23 January 2011 | bob the moo
Another step up for the series – flows well with plenty of detail and loads to do
When Brotherhood was announced it was sold as Assassin's Creed 2.5 as it wasn't a "proper" next game but rather a direct continuation of part 2; the inclusion of a multiplayer aspect also made it feel like perhaps it would be a shorter game, put out as a stop-gap between 2 and 3 – particularly since it had only been a year since AC2. As a result I didn't get too excited about it and was fine waiting till Christmas to pick it up. Surprisingly ACB improves yet again on the previous game, with lots of little things added, changed and improved. The story continues to be an impressively crafted mix of religion, history, truth and Da Vinci code nonsense but it is still engaging. The overall movement of the series story is not great though but in terms of providing a structure for the game, Cesare Borgia and the recovery of the piece of Eden is more than sufficient to engage in addition to the progress made by Desmond towards the end (even if the end does feel a little rushed when it comes).
As before the game plays really smoothly and with a decent amount of variety. Naturally everything involves going somewhere, doing something and then going somewhere else, but the missions are well constructed and the challenged to do them "100% Synch" by achieving additional challenges makes them more interesting and essentially increases the difficulty for those that wish to try it. Around the main narrative though there is loads to be done. I really liked the addition of the Borgia towers to be cleared, the war machines and the many smaller missions for thieves, mercenaries etc that are scattered around. The collectables are still in place but this time the ability to unlock and buy maps makes this so much less of a chore. Developing the Assassins is a nice idea – not nearly as deep as it could have been but quite good and handy for calling them and earning money. Redeveloping Rome is quite easy to do – a bit pointless considering it surprisingly leads to no achievement but not having to go to one place to do it or get money (the Villa in AC2 was a "once an hour" chore). The little challenges from the various guilds are a nice idea as well and a good example of just how many little things there are to do if you want to do them; none of them will extend the game forever but I enjoyed doing all these things in between story missions – sometimes I would play for a couple of evenings without advancing the story at all. Getting out of the animus is also a nice addition even if it isn't particularly meaningful till the end.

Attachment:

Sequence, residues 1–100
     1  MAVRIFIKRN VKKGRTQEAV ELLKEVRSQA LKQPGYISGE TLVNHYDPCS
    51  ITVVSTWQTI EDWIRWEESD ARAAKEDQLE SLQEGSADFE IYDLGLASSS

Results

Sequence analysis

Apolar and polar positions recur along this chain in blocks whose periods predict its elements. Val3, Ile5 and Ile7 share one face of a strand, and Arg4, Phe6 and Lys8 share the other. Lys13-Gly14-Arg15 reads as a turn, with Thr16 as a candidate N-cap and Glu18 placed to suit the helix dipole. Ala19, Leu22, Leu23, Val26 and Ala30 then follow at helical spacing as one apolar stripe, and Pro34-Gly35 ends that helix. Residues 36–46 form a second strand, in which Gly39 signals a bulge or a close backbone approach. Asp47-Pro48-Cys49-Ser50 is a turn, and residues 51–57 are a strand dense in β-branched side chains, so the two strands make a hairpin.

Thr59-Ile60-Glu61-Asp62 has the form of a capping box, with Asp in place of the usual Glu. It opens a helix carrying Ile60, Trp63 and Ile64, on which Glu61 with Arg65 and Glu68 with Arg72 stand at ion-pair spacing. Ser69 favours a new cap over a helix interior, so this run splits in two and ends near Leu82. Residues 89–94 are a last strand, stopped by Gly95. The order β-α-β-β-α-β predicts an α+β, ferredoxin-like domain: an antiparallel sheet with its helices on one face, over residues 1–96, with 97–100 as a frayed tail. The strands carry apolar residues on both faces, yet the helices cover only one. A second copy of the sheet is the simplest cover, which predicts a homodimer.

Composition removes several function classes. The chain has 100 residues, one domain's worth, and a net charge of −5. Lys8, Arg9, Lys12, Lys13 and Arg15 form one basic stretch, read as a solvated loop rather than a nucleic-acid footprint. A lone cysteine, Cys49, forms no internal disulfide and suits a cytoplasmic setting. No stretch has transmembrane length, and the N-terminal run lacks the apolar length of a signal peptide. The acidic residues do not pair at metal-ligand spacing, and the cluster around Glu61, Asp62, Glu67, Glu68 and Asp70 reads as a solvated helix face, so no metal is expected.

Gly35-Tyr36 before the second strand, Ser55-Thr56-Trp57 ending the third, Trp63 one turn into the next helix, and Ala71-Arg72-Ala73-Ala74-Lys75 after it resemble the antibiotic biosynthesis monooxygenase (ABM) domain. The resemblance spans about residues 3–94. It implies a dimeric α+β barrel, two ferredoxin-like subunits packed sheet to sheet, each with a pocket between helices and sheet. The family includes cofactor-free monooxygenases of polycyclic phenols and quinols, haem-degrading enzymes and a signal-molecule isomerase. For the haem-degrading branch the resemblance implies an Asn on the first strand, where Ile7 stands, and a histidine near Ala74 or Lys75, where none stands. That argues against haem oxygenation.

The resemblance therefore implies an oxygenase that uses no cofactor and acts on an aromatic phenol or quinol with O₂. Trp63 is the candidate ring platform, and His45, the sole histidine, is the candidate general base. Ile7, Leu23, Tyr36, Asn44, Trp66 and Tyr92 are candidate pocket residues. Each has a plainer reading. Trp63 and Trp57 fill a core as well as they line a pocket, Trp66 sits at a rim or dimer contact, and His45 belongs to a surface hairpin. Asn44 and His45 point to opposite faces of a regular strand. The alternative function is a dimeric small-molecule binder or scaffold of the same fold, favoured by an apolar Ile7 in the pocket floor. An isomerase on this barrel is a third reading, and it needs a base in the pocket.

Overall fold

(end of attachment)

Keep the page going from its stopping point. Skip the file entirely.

Rome is beautifully designed and there were only some parts that were annoying for having to go all the way round the cliffy areas. Once you accept that things will often "pop" onto the horizon as you approach, it does look good and play well. The cut scenes are great apart from some weaknesses in the facial animation, which put it a step behind some other games where it looks better and has better lip synch. The characters remain engaging as well, although I missed some of the humour from AC2 – Leonardo in particular was such fun in 2 but here he seems too drab and a little dull compared to who he was originally. Ezio remains a great character to play while the modern characters are also stronger and more fun.
The multiplayer shows such potential and I do enjoy it but so far I have played only 10 or so games. The matchmaking is poor and for some reason it will not start till there are a full number of players – if one drops one 5 seconds into the game then it continues fine, but to start needs a full number and wait times have varied between 2 minutes to 30 minutes – there is no need to rush to the bathroom like with COD for sure! The stealth aspect and quality of kills beating quantity works well – I won a game with half the kills of the people sprinting around. At times it can frustrate to try and flank your target at walking pace for 3 minutes only have some idiot shoot you for very few points, but it is thrilling to know you can be thousands of points down but still only need one great assassination for the win! With some work this aspect of the game could be great but for me it is a curio – but not one that I want to play so much that I'm happy to spend 10 minute waiting for 10 minutes playing.
Overall, if you loved AC2 then ACB keeps almost everything you loved and makes it better with lots of minor improvements and extensions. It is a really great game and serves to make the wait till the concluding game all the more painful!